Paul Ashworth - Capital Economics

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Paul Ashworth has been quoted 44 times. The one recent article where Paul Ashworth has been quoted is Falling US retail sales cast doubt on further Fed interest rate rise | Business | The Guardian. Most recently, Paul Ashworth was quoted as having said, “Some Fed officials will be disturbed by the unexpected drop back in core CPI inflation in March, but this won't prevent a June rate hike, particularly as the fall was partly due to one-off changes and weather effects.”.
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Paul Ashworth quotes

If he remains silent after the announcement to raise interest rates next Wednesday, then we can begin to assume that it will be business as usual for the Fed.feedback

There is a real risk that he could be openly critical of the decision to raise rates next week.feedback

We expect some fiscal plan that will pursue the Republican agenda, but it's likely to be much smaller in scale than the one originally envisaged by Trump.feedback

It is hard to believe that the tea party fiscal conservatives in Congress would be willing to blow out the budget deficit like that. It would put the federal debt burden on course to exceed 100 percent of GDP within a few years.feedback

We simply can't know what type of President Trump will be.feedback

Given the adverse market reaction we have already seen, the Fed's planned December rate hike is now off the table.feedback

The election could still derail the Fed's plans, particularly if a very close result led to one or both candidates contesting it via the courts.feedback

It is still a welcome sign that the dollar appreciation in 2014 and 2015 is no longer weighing on exporters. Nevertheless, while overall exports added 1.2 percentage points to GDP growth, without the spike in soybean exports it would have added only 0.3 percentage points.feedback

Accordingly, a reasonable case could be made that this is actually a disappointing GDP report.feedback

Exports are beginning to show signs of life as the drag from the dollar's surge in 2014 and 2015 begins to fade.feedback

If Trump wins, we now think Yellen would resign fairly quickly as a matter of principle. The main reason for believing that Yellen would resign almost immediately is that falling on her sword would take some of the political heat off the rest of the FOMC.feedback

If Donald Trump wins November's presidential election, there is now a clear possibility that Fed Chair Janet Yellen would resign almost immediately, perhaps even before the mid-December (Federal Open Market Committee) meeting. It is hard to see how she could continue in her position until her current term expires in early 2018.feedback

This seems to have been one of the most divisive FOMC meetings in recent memory.feedback

The Fed appears to be firmly on track for a December hike.feedback

The mistake we made in the second quarter was trusting the incoming monthly activity data we had that, right up until the last minute, pointed to a strong showing from second-quarter GDP growth. In contrast, the surveys were pretty weak and suggested that growth wouldn't be much above 1 percent annualized.feedback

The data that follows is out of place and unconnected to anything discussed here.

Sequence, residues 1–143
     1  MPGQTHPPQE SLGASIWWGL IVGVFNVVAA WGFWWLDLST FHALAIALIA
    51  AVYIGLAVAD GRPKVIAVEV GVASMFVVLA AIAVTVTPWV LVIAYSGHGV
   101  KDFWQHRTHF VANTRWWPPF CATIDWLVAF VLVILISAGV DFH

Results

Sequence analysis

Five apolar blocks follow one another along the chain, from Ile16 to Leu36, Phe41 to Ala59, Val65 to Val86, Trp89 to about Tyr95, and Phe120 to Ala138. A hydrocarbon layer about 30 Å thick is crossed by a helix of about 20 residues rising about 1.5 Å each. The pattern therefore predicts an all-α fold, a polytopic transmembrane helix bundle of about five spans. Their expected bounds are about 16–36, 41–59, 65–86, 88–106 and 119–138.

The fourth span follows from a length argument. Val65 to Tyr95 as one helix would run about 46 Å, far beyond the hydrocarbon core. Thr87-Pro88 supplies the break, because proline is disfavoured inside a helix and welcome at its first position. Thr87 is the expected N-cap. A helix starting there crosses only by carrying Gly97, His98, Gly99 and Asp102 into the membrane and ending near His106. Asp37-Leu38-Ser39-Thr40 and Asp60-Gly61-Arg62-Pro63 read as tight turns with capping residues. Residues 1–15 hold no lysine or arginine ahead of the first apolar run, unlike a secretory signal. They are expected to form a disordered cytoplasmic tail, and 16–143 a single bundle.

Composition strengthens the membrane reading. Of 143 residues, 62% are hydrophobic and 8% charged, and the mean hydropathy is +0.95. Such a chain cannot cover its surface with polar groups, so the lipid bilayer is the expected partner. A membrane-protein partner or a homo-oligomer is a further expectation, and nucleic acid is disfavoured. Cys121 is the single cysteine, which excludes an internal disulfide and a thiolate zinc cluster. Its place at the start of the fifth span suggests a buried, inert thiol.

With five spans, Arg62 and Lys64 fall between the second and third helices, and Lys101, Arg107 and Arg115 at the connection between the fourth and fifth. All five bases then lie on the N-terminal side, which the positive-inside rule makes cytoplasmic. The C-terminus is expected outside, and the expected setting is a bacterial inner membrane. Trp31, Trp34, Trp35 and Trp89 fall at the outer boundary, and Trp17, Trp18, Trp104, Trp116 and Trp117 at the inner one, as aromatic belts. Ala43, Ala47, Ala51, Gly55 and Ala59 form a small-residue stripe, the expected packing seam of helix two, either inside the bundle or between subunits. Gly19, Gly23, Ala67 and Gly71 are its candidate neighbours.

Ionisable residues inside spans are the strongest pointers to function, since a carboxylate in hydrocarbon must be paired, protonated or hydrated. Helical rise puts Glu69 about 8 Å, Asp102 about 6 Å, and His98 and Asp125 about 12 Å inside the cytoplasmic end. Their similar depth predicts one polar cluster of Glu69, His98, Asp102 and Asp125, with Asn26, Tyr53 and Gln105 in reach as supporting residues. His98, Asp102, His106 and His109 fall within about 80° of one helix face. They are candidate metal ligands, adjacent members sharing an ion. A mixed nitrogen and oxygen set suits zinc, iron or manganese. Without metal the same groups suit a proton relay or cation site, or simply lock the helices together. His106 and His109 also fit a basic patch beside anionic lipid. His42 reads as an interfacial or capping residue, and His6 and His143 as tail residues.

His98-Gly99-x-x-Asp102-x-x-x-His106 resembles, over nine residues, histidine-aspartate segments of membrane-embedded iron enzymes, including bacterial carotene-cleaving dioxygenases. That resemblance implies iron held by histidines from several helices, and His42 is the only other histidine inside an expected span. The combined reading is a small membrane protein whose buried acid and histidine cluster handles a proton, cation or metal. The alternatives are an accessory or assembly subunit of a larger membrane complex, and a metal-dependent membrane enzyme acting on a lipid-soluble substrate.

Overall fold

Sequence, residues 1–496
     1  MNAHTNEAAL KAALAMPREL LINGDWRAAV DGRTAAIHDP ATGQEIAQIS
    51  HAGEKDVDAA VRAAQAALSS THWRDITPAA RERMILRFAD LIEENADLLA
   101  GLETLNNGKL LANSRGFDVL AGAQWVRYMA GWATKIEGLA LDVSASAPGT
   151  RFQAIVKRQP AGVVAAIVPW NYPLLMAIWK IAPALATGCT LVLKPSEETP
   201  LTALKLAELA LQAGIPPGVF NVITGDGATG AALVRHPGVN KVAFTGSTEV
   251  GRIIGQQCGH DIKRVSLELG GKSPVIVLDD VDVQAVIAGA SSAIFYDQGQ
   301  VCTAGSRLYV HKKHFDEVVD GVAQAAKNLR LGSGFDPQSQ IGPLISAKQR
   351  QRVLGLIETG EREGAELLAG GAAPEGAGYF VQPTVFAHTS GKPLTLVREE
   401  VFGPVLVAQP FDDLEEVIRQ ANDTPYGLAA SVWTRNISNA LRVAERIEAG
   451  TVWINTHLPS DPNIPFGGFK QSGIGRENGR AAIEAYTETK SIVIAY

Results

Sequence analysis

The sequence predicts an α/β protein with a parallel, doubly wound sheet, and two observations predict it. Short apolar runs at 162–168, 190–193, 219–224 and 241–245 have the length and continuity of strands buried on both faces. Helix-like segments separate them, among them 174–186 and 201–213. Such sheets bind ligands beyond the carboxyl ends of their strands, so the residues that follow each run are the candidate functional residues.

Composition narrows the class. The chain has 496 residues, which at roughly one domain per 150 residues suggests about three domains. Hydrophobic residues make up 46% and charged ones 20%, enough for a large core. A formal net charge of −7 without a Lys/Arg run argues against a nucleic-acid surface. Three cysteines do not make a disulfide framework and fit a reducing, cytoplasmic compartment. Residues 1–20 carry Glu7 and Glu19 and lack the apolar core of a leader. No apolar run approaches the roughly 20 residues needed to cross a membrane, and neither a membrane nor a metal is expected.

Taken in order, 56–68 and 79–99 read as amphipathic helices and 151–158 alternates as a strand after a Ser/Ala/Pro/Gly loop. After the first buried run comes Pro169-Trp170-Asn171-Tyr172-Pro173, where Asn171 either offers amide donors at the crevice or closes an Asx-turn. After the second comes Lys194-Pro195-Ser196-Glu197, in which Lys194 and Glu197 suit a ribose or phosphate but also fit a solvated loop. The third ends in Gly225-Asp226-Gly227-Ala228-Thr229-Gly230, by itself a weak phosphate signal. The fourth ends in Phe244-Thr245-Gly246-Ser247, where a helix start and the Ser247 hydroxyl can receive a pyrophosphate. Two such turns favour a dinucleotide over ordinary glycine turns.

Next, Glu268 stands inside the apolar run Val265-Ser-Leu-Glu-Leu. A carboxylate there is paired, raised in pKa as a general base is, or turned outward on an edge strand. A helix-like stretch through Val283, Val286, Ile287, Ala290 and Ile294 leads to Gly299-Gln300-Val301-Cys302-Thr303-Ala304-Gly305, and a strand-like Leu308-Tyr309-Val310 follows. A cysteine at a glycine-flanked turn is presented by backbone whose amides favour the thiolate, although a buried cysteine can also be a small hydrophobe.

The August employment report is not going to convince Fed officials to vote for a rate hike later this month, although an increase in December is still likely.feedback

Given that employment has rebounded, consumer confidence is holding up, I'm not overly concerned.feedback

As well as being a long way above the consensus forecast of a 180,000 gain, the strength of July's employment report was unusually broad-based.feedback

The GDP data have significantly reduced the chances of a near-term rate hike.feedback

What is really worrying is that pace has still been enough to reduce the unemployment rate further, suggesting that the economy's potential growth rate could conceivably be close to zero.feedback

Leave or remain, this probably isn't going to affect Fed policy.feedback

That sound you hear is Fed Chair Janet Yellen furiously rewriting her speech that she is scheduled to give (in Philadelphia) on Monday.feedback

Labor market conditions are stable, which is all the reassurance the Fed will need to act soon.feedback

The lack of a more marked pickup in wage growth is the only missing element. But as far as the Fed is concerned, it is already seeing a clear acceleration in core price inflation. A June rate hike is coming.feedback

The weaker drag from inventories in the fourth quarter means that any rebound in the first quarter could be slightly more modest than we previously expected.feedback

The biggest medium-term threat to the living standards of Americans is the chronic lack of productivity growth.feedback

Before we get too carried away, however, it's worth stressing that the record warm temperatures in the fourth quarter, and December in particular, probably paid a role. It's notable that construction employment increased by a massive 45,000 last month and more than 120,000 in the fourth quarter.feedback

Employment was never going to continue rising at more than 200,000 a month indefinitely. Those monthly gains are simply unsustainable.feedback

While it's important not to over-react to one data point, there are exceptions and this is one of them. Employment growth is clearly on fire and its beginning to put upward pressure on wage growth. The Fed can't wait much longer in that environment, particularly not when interest rates are starting at near-zero.feedback

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